How much of a candidate’s private life should be fair game for the media? This is something that reporters and editors continue to debate. In practice, if you are running for president, say, you can expect everything you’ve done since birth to be scrutinized.
If you are running for school board in Maumee, the scrutiny is considerably less. But what about mayor of Toledo?
Reader David Davis thinks The Blade is not giving the personal lives of Mayor Mike Bell and his challenger, D. Michael Collins, enough scrutiny. “Is Mayor Bell married? Does he have children? How have they turned out? I have heard rumors over the years,” he continued, speculating about the mayor’s sex life.
Well, your ombudsman disagrees with Mr. Davis. I do not know anything about Mayor Bell’s personal life, except that he is single. Nor do I think the voters need to know, unless the candidate himself wants to put his family out there or turns out to have been doing something illegal, such as selling pornography, or is caught in an act of base hypocrisy, such as denouncing gay rights while being involved in a same-sex relationship himself. Toledoans are not, after all, electing someone to be a celebrity or an example of moral perfection.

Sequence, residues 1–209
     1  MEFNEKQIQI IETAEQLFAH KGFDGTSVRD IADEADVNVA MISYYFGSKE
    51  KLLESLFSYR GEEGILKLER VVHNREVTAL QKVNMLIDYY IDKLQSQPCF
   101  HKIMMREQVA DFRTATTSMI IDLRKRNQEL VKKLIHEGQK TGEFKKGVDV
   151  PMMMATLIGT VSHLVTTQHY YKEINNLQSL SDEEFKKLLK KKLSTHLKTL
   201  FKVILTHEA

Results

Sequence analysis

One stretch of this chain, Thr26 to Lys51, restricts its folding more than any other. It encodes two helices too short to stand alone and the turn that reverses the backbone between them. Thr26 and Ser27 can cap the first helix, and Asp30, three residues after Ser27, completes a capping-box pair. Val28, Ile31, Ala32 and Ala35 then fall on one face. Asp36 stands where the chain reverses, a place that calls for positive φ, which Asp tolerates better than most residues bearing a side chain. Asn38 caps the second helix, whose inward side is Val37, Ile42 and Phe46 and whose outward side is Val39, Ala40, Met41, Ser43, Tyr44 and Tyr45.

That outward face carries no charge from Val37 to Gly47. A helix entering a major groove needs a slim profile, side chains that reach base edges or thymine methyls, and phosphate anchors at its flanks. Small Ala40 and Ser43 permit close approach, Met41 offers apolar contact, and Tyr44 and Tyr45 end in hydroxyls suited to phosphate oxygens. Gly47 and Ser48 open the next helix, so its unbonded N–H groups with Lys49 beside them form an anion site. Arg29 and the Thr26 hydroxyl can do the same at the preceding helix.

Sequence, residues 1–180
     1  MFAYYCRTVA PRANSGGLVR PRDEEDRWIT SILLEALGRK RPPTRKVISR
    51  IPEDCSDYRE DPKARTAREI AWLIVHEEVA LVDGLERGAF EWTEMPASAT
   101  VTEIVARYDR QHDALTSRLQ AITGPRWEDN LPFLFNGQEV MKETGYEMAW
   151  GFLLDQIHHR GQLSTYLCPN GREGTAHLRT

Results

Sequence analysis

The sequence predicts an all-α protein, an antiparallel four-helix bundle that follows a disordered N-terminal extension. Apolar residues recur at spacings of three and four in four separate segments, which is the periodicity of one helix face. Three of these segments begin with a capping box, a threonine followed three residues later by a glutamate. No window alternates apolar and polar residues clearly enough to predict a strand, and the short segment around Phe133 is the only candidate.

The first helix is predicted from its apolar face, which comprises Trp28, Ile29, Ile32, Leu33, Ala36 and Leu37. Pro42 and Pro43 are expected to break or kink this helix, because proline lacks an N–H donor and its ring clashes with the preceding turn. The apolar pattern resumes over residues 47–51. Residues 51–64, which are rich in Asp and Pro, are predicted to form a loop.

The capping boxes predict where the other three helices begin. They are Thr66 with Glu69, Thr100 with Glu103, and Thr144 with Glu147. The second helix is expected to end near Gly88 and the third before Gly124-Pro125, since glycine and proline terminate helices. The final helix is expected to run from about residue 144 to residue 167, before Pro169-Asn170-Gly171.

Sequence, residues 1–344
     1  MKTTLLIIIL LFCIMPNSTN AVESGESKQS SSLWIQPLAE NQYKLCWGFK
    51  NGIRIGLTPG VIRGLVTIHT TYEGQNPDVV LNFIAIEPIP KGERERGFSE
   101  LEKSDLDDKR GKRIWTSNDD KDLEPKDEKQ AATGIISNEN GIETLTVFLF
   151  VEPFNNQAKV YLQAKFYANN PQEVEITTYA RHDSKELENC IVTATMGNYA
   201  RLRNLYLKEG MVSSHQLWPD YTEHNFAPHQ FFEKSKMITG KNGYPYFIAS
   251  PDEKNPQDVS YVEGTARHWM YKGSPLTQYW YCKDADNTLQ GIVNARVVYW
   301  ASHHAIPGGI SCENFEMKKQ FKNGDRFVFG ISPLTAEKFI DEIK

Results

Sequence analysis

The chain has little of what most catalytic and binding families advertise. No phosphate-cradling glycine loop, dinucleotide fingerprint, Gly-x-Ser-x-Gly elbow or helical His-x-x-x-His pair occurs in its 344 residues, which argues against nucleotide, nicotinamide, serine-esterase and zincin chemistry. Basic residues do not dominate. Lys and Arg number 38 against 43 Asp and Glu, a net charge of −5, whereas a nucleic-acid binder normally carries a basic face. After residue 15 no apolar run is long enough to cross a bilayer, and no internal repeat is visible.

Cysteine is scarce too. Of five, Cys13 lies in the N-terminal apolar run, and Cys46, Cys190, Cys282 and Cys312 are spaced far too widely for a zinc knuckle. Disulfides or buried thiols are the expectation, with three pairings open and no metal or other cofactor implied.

They are electing someone to run the city. On the other hand, it was entirely appropriate for the media to thoroughly air and investigate any charge of nepotism, as The Blade did when the mayor was approving contracts for his niece’s development firm.
Mr. Davis wasn’t satisfied with The Blade’s scrutiny of Mr. Collins either. Noting that the candidate is a distant relative of the great Irish revolutionary leader Michael Collins, the reader wanted to know whether the councilman approves of political assassinations.
“What does Councilman Collins think of terrorism? Did your reporter even ask him?” Mr. Davis wants to know.
Your ombudsman thinks that would make about as much sense as asking Mr. Davis if he supports reinstituting slavery because he has the same last name as Jefferson Davis, the president of the Confederate States of America during the Civil War.
The Toledo Mike Collins has never shown any sign of wanting to start an armed rebellion and seize the post office. Actually, the Irish Michael Collins, who did just that in 1916, ended his days as more of a peacemaker. David Davis might want to rent the excellent 1996 biopic about him, in which Liam Neeson played the Irish Mr. Collins.
● Physician James Hennessy objected to a headline’s characterization of Barry DeRan, a former Maumee cardiologist who in July pleaded guilty to felony drug trafficking charges. DeRan, who is now in prison, voluntarily surrendered his medical license.
Dr. Hennessy doesn’t contest any of that, but he wasn’t thrilled that the headline called DeRan an “ex-doctor.”
Dr. Hennessy said “he is still a doctor in his intellectual ability, but not allowed to practice medicine … I would probably call him a “currently unlicensed doctor.”